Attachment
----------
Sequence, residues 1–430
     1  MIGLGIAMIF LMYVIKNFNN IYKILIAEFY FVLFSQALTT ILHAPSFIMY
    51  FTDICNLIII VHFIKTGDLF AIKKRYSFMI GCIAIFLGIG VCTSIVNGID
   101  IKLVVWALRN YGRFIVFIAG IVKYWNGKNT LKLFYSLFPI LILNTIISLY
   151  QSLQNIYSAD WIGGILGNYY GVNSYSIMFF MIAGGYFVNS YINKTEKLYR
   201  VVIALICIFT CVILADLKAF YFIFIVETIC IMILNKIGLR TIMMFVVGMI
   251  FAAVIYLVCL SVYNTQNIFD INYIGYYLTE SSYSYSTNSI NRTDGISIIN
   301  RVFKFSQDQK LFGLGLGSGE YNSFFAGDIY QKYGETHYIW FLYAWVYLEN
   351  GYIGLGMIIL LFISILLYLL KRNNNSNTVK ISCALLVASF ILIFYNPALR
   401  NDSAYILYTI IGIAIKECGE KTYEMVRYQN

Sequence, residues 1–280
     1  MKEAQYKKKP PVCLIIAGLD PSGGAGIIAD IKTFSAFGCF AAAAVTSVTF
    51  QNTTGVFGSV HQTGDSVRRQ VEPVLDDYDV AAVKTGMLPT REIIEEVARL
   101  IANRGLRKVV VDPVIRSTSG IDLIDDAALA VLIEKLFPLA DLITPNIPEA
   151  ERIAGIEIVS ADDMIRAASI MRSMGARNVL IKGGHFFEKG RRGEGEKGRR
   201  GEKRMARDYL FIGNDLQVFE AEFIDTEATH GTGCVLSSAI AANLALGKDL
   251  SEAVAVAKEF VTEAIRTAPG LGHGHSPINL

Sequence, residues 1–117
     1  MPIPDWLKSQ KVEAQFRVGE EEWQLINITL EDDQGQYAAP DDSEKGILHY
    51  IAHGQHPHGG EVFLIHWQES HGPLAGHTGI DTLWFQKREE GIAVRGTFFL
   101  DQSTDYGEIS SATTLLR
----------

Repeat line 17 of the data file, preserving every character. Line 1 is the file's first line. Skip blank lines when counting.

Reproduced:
   251  SEAVAVAKEF VTEAIRTAPG LGHGHSPINL